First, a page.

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NFL Draft safety includes Las Vegas firm

Four years ago, a Las Vegas-based private security company started with “a few hundred dollars and a laptop.”

This week, Protective Force International is sending most of its 260 officers down the tourist corridor for the upcoming NFL Draft, which co-founder and CEO Jonathan Alvarez has described as a precursor to an upcoming Formula One race on the Strip next year, and the 2024 Super Bowl at Allegiant Stadium.

“Everyone is on deck for this,” Alvarez said.

The officers will complement the large number of federal and local law enforcement officers who have been tapped to work on the three-day event that kicks off Thursday, Alvarez said. He compared the expected crowds to those seen at New Year’s Eve festivities in Las Vegas, but multiplied.

“You have 400,000 people arriving at the same time for one night,” said the 33-year-old. “When it’s done, it’s done. Think about it for three days in a row.

Las Vegas is expecting record draft attendance, with attendance estimated at up to 1 million visitors.

In the Las Vegas Valley, security guards outnumber police officers by about 10 to 1, Alvarez said, noting that his company “will force multiply the mission (of law enforcement) and ensure that every tourist has a good time”.

Clark County officials and the Metropolitan Police Department, which patrol the Strip and downtown Las Vegas, did not share details about what the police force will look like.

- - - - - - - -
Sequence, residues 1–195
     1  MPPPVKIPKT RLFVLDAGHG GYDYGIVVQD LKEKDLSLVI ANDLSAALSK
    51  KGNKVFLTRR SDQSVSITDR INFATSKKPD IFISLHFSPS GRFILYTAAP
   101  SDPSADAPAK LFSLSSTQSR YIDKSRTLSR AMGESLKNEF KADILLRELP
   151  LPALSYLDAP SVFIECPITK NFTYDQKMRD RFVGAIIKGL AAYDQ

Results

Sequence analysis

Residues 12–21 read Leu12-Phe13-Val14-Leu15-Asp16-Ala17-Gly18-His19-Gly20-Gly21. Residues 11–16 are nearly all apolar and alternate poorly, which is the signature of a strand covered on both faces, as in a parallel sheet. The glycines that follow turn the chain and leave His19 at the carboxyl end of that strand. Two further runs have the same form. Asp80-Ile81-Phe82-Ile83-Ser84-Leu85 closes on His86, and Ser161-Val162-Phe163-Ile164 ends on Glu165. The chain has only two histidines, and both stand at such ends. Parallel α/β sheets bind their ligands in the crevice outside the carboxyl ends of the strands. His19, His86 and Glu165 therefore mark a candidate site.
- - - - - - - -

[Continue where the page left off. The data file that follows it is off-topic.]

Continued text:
But Las Vegas police regularly tout their coordination with casino security and other private security services.

Preparations for the draft were no different, Alvarez said. The conversations started last year and preparations began to ramp up in February, he said, adding there were no known specific threats.

“A lot of our operations are already activated,” he said.

Company officials will be there to help prevent any potential problems, he said. Alvarez and his K-9, “Pele”, will also work.

“We are not law enforcement, but officers are expected to react, act and handle situations like a professional officer,” Alvarez said.

Officers from Protective Force International, which has contracts with more than 300 local entities, are actively patrolling and responding like police, some in marked cruisers, he said.

About 60% of the company’s officers are armed and all are certified in the use of batons and pepper spray, Alvarez said.

The company has regular academies and background checks are done on prospective security guards. They must all meet the requirements to carry a firearm: no felony and domestic violence convictions, or drug use, he said.

He said his cabinet is lobbying lawmakers to enact stricter training for private security guards.

“I think the community is starting to realize how important security and safety officers are to Southern Nevada’s infrastructure,” said Alvarez, who has previous experience as a combat engineer from the army and military police officer. “Without security we have no tourists, and without tourists we have no economy.”

He said he’s looking forward to Las Vegas continuing to hold draft-like events.

“I can’t wait for all the other giant events that are coming to Vegas,” Alvarez said.

Contact Ricardo Torres-Cortez at [email protected] Follow him on Twitter @rickytwrites.